It's an unusual comet, in that its tail is pointing away from us, so we see it end-on as a fuzzy circle, rather than the classic comet shape, such as Comet West (below).
Comets have always struck a particular chord with me. Their ghostly, spectral appearance in the sky evokes visions of the cold remoteness of outer space, whence these visitors come from. I remember comets Hyakutake in 1996 and Hale-Bopp in 1997, and the way, night after night, they hung like ethereal phantoms in our night skies, and I can well believe that ancient peoples believed them to be harbingers of doom, or evil spirits (see articles here).
Below: Comet Hyakutake
Below: Comet Hale-Bopp
Comets are still mysterious objects. There are billions of them orbiting our sun, most of them way out beyond Pluto in deep interstellar space, in the Kuiper Belt or the even more remote Oort Cloud. Those that are disturbed from their orbits by whatever means, may veer inwards towards the planets, to become visible to us as their icy surface is heated by the sun, producing the jets of material which make up the characteristic tail.
Some, a few, even occasionally crash into the planets, as Comet Shoemaker-Levy 9 did when it hit Jupiter in 1994 (lots of links and info here). The comet was torn into several pieces by Jupiter's immense gravity when it made an initial pass-by the giant planet years previously (below).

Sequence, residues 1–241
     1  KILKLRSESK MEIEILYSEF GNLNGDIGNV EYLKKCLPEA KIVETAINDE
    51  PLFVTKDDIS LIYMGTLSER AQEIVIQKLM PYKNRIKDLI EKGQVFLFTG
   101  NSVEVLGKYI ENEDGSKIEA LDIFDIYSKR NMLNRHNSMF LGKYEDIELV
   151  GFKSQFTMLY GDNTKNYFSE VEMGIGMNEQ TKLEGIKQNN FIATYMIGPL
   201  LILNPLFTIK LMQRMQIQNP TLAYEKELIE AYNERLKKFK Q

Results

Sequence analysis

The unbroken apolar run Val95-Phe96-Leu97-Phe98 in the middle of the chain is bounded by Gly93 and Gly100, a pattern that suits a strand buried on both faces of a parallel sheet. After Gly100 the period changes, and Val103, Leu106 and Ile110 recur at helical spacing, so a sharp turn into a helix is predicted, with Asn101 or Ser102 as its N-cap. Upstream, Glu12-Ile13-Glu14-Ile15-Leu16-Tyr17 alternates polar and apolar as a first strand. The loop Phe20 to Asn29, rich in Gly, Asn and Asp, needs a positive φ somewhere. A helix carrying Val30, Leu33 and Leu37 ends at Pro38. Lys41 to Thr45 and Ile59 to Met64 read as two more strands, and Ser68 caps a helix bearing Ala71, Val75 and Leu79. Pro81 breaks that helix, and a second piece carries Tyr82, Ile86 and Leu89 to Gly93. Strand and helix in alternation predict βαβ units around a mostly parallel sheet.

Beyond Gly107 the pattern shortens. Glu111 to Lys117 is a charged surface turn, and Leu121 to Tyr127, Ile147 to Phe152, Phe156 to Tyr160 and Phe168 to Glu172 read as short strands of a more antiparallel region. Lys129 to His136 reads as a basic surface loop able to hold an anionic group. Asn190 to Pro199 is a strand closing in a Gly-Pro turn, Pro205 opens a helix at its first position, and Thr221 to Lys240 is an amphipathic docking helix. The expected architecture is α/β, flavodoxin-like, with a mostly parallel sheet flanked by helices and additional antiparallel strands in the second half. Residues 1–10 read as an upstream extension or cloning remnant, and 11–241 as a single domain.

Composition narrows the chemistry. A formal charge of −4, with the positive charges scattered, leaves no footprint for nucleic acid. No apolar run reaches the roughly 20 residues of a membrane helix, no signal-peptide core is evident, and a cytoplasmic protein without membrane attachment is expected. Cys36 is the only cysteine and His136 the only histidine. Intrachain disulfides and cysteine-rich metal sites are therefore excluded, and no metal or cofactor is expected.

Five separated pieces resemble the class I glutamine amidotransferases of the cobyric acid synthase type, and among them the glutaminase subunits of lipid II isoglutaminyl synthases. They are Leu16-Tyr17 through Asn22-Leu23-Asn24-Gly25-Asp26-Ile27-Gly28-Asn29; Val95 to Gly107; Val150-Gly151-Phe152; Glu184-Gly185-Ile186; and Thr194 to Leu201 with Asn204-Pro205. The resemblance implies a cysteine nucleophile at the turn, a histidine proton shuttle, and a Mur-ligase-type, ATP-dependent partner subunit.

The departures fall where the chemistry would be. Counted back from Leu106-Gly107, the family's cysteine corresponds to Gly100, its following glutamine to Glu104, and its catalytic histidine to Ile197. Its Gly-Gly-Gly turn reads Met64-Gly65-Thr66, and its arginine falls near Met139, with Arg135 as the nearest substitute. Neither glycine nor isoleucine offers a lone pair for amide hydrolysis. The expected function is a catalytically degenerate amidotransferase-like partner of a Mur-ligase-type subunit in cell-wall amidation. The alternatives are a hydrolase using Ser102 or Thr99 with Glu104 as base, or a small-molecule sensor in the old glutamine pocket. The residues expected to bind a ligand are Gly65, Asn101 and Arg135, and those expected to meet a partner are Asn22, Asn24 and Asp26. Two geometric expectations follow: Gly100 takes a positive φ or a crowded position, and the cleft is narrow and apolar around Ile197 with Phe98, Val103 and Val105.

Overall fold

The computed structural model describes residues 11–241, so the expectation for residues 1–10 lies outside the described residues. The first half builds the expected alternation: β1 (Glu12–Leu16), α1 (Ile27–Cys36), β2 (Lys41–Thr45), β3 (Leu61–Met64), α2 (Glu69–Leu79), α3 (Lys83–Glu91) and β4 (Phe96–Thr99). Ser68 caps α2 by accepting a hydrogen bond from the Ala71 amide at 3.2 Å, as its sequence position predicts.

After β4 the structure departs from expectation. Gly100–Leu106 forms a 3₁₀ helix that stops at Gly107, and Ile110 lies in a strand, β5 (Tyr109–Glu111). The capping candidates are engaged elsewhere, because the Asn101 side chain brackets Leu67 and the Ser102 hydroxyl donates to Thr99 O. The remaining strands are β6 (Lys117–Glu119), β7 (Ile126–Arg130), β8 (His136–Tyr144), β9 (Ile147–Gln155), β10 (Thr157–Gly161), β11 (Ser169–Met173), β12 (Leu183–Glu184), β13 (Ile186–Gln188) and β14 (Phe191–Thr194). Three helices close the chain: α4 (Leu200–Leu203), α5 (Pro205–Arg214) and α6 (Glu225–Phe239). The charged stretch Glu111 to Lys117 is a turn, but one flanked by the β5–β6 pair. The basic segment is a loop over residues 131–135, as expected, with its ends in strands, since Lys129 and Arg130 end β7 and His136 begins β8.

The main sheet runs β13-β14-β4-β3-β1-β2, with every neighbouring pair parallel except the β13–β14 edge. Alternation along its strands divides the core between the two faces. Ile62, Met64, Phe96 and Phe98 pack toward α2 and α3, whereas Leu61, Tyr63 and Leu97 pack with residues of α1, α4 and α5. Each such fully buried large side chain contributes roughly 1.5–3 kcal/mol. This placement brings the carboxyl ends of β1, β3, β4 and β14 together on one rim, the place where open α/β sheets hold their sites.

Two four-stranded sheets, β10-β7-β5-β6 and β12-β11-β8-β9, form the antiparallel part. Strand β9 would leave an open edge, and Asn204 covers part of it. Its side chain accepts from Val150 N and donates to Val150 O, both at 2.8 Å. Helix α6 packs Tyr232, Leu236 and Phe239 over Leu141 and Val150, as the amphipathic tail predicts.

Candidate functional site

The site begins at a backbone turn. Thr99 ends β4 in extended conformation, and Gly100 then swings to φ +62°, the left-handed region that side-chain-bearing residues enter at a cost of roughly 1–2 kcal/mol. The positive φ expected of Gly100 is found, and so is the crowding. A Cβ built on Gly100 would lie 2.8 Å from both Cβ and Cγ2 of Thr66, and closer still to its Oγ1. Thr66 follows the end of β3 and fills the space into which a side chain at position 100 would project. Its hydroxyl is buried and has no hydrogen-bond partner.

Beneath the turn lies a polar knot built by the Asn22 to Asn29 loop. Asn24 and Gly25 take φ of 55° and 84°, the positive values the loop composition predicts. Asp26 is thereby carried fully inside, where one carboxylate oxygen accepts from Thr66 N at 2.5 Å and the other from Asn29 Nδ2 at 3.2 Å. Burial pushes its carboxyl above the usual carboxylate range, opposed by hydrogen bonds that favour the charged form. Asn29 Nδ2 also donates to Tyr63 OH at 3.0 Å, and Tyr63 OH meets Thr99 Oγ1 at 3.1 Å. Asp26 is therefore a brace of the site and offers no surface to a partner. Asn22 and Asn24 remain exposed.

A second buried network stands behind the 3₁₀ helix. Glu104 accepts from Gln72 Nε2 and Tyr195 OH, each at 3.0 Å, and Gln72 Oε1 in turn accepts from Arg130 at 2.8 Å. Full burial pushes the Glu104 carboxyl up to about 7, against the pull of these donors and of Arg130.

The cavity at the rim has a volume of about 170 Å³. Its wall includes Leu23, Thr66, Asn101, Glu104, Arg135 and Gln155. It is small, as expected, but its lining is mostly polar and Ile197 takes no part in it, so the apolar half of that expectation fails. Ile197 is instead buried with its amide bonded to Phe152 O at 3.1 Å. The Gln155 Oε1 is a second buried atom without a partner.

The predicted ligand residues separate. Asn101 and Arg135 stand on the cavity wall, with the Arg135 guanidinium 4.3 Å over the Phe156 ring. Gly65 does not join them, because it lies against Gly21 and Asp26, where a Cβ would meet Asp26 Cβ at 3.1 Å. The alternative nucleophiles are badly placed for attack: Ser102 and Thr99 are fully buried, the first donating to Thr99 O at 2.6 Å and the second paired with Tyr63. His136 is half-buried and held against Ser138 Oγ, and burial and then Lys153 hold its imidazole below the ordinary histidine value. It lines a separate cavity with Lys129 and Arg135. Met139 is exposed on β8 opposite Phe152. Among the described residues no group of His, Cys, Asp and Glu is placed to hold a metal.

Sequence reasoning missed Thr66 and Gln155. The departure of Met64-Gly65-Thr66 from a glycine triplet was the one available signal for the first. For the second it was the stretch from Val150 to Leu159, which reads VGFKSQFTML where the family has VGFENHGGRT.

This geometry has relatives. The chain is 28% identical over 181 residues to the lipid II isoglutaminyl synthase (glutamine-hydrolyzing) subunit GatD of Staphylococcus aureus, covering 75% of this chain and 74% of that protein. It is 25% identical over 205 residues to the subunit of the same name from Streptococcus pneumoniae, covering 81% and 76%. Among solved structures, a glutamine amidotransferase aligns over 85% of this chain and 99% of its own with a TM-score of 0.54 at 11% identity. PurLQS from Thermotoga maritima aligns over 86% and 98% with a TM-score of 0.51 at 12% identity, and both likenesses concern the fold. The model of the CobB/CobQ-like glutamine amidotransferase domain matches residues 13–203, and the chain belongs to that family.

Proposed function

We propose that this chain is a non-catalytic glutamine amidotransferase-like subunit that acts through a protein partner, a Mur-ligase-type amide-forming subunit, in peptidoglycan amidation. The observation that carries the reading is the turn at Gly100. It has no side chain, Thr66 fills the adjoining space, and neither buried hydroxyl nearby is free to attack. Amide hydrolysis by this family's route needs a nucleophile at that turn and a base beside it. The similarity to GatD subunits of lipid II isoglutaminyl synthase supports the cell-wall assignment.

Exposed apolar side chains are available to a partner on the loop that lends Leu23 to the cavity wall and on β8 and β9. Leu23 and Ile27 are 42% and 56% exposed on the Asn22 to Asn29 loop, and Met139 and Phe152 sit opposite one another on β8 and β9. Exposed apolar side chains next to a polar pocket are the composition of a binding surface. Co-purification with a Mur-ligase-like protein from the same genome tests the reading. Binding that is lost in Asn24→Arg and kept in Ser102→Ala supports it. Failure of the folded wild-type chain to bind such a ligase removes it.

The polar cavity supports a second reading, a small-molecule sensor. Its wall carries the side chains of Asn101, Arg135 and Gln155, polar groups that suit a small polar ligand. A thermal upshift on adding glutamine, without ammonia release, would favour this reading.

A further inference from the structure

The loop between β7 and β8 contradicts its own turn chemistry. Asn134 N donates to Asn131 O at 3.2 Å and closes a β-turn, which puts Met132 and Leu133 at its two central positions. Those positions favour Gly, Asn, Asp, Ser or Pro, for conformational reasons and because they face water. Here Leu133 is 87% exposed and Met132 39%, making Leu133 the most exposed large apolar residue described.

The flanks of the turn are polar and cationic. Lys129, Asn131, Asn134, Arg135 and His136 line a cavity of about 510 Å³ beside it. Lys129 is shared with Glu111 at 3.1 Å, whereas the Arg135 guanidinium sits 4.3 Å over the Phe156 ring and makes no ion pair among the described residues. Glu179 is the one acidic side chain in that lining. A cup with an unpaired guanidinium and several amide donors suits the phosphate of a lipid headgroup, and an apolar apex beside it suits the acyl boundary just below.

Below: Jupiter in 1994, showing the huge scars left by the impacts of Comet Shoemaker-Levy 9
Of course, we know more about comets these days. We even crashed the Deep Impact probe into Comet Tempel 1, to see what happened, and analyse the material ejected. We have detailed close-up pictures of the surfaces of Tempel 1 and Wild 2. They look like the Moon.
Below: Comet Tempel 1
Below: Comet Tempel 1 being hit by the Deep Impact probe
I prefer by far the image taken of the nucleus of that most famous of comets, Halley. It's taken from a great distance, and is fuzzy and indistinct, but there's an impression of great size, and immense activity, coupled to a chilling remoteness, which no other picture of comets has ever conveyed. I find it almost terrifying in its ghost-like qualities and hints of unimaginable violence.
Below: the nucleus of Halley's Comet: impossibly remote, supremely terrifying
So what of Comet Holmes? Well, it's been reported on the national news, but has gone largely unnoticed by the public. It looks like a fuzzy patch in the night sky, and only through binoculars or a telescope does its ghostly image make itself clear.
The peak of Comet Holmes' activity, its closest approach to us, more or less coincided with Towser's death. I can't help but think, as I lie there on the cold decking, gazing at that sky-bound phantom, that Towser's spirit has somehow latched onto the comet, and is up there in the darkness, receding from us, from our lives, as the comet carries him away. Because of this, I've called the comet 'Towser's comet' and if I ever see it again, I'll think of him, of his spirit soaring through the universe.
Below: Towser's comet, seen through a telescope